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The prize-winning image depicts the ''primary cilia''- hair-like structures which extend outside most human cells - magnified more than 30,000 times.
Each structure acts as a ''sensory probe'', providing crucial information to the cell about its immediate external ''microenvironment'' and telling it what to do.
The image was produced by Michael Jennings, as part of his University of Otago PhD research, also utilising earlier work by his supervisor, Research Associate Prof Tony Poole, of the Otago department of medicine.
Initially long-neglected, primary cilia are attracting rapidly growing international research interest. Prof Poole, an award-winning researcher who has devoted his 35-year career to this field, praised Mr Jennings' ''world first'' achievement in revealing the anatomically-correct internal structure of primary cilia in human cartilage cells.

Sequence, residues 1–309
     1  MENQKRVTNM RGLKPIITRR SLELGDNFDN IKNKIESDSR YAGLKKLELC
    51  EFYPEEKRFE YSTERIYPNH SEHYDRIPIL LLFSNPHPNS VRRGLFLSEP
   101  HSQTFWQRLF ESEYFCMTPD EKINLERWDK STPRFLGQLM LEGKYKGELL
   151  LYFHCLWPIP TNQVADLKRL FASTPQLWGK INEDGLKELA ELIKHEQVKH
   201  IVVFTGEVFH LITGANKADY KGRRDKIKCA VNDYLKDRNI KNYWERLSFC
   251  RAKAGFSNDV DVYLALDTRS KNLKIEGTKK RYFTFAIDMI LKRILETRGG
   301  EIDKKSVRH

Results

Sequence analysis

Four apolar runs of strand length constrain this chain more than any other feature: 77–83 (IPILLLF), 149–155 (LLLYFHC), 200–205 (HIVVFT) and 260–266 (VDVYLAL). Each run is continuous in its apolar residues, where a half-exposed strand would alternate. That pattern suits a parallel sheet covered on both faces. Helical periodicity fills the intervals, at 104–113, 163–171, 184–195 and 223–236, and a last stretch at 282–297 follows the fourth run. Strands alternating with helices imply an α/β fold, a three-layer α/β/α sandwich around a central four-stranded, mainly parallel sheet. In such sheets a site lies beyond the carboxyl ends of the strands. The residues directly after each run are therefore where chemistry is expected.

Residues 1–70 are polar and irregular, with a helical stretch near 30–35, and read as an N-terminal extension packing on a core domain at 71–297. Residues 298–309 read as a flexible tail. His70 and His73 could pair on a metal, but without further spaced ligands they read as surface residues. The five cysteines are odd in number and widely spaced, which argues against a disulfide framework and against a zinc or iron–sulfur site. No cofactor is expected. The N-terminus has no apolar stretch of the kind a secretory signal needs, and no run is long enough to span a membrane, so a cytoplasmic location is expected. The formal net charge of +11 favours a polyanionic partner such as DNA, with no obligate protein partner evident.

Mr Jennings spent hundreds of hours using specialised AgResearch electron microscope tomography equipment, based at Lincoln.
The highly detailed three-dimensional view of the tiny organ-termed an organelle-could revolutionise understanding of this once ''enigmatic'' feature of most human cells.
''It's a brand new area and no-one else has done this,'' Prof Poole said.
Abnormal primary cilia are involved in many conditions and diseases, including a polycystic kidney disease, which can affect one person in every 400.
Mr Jennings and Prof Poole won the $1000 first prize in an ''Art of the Invisible'' nanotechnology exhibition in Auckland.